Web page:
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How to Determine Reading Levels

Degrees of Reading Power (DRP)? Fleish-Kincaid? Lexiles? Fountas and Pinnell Leveled Book List? Accelerated Reader ATOS? Reading Recovery Levels? Fry’s Readability? John’s Basic Reading Inventory? Standardized test data? Each of these resources/assessments quantifies student reading levels and purports to offer guidance regarding how to match reader to text. For the purposes of this article, we will limit discussion to why these approaches do not work and what does work to match reader to text for independent reading.

As an MA reading specialist, I have been trained in how these tests are constructed and how they help determine reading levels for students. I also know how some of the publishers of these tests level reading materials to match the results of their tests. Although very scientific, there are eight problems with each of these approaches:

1. They are cumbersome and time-consuming to administer.

2. They tend to be costly.

3. They are teacher-dependent (students and parents can’t pick books at their challenge levels without guidance).

4. They do not factor in reader motivation.

5. They do not factor in reading content, in terms of maturity of themes (Salinger’s The Catcher in the Rye has a 4.7 ATOS readability level).

6. When compared, the various formulae each vary in grade level equivalencies (one rates Tom Sawyer at 4.2, another at 6.9, and still another at 7.3).

7. They tend to force librarians into arbitrary book coding systems to conform to the tests.

8. They limit student and parent choice of reading materials. Two examples of the problems of determining readability levels and matching these to “appropriate books” should suffice:

I’m not trying to be a whining, complaining parent here. I’m simply trying to highlight a problem. At our public library, there are bookmarks in the youth department that list suggested books for students in each grade (K-12th). We picked up an 8th grade bookmark to get ideas for (her daughter’s) acceptable reading-leveled book. Found a book. Looked up the reading level  and found that it was a 4.5 (not anywhere near the 8.7-10.7 my daughter needed).

As a parent, I watched my very smart 9 year old work the system. He continually read books very much below his ability NOT because he likes reading them, but because he could read them quickly and get points. Other books that he told me he really wanted to read, he didn’t either because they were longer and would take “too long to read” or they weren’t on the AR list.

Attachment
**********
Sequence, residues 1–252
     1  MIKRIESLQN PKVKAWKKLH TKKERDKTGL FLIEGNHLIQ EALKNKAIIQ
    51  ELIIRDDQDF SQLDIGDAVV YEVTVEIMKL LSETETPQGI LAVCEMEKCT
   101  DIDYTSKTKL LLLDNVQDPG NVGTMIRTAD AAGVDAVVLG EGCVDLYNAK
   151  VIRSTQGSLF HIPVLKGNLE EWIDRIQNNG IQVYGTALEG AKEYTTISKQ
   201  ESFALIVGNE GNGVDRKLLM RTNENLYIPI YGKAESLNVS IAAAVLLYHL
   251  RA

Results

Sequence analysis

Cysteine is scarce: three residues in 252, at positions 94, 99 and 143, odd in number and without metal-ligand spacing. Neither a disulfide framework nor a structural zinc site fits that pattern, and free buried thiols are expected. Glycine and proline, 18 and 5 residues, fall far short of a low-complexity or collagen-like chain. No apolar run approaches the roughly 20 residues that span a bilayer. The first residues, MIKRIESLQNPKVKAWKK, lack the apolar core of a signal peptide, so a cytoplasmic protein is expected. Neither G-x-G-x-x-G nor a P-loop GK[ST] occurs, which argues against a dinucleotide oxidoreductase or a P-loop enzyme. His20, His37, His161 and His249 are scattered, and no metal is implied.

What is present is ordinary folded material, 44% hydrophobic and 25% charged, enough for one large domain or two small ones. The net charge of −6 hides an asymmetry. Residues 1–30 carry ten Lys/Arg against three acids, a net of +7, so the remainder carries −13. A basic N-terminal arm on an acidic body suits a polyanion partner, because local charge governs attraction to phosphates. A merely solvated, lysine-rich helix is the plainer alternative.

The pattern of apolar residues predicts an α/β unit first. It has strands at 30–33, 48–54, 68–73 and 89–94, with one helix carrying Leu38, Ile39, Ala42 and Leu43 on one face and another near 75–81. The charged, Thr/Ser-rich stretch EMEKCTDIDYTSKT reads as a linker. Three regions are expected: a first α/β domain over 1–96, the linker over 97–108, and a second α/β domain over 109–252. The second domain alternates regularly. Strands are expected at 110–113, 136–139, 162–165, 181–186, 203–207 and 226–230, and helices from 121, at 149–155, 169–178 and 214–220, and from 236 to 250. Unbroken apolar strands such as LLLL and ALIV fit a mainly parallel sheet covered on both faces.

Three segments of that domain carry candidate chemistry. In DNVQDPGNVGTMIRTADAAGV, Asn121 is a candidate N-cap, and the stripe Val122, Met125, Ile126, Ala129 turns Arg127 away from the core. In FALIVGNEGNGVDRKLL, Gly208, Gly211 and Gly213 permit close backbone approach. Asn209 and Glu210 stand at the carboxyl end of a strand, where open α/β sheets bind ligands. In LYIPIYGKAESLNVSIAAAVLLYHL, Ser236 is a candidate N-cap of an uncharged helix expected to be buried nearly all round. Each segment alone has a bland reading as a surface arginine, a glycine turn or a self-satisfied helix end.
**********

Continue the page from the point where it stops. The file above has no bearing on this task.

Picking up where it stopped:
Given these issues, isn’t there a better solution that will help inform selection of independent reading books?

Yes. Motivation and word recognition.

Motivation has to factor into reading selection. My own son grew a full year in reading comprehension by reading the fourth Harry Potter book, Harry Potter and the Goblet of Fire over the summer a few years back. The book was certainly above his grade level for a fifth grader, but he was motivated and carefully read and re-read with dictionary and Dad at his side for help. Similarly, thank God for the current “Twilight” series. Many of my below grade level readers (I teach seventh graders) have significantly increased their reading levels by getting hooked on this latest literary phenomenon.

Word recognition remains the best indicator for self-selection of appropriate reading level books. It is book and reader-specific and thus cannot be tested by the above readability formulae. With guidance, parents and students can use the techniques below, in combination with the motivation factor to select books within their proximal zone of development—in other words, books that will challenge, but not frustrate the reader.

Word Recognition Techniques

Primary teachers have used the “five-finger method” for years.  Readers select appropriate reading levels by using the fingers of one hand to count down the number of unknown words on a single page. Any more than five unknown words means that the text is at their frustrational level and another book should be selected.

To update and refine this technique for older students, reading text that has about 5% of the words that are unknown to the reader is the appropriate independent reading level.

How can you pick a book to read that has 5% unknown words?